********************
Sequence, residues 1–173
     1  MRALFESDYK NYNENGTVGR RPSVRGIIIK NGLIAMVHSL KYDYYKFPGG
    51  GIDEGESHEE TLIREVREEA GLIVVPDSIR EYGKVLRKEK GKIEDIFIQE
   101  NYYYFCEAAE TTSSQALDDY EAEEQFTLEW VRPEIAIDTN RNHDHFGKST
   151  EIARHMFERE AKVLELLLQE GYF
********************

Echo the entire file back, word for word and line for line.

Sequence, residues 1–173
     1  MRALFESDYK NYNENGTVGR RPSVRGIIIK NGLIAMVHSL KYDYYKFPGG
    51  GIDEGESHEE TLIREVREEA GLIVVPDSIR EYGKVLRKEK GKIEDIFIQE
   101  NYYYFCEAAE TTSSQALDDY EAEEQFTLEW VRPEIAIDTN RNHDHFGKST
   151  EIARHMFERE AKVLELLLQE GYF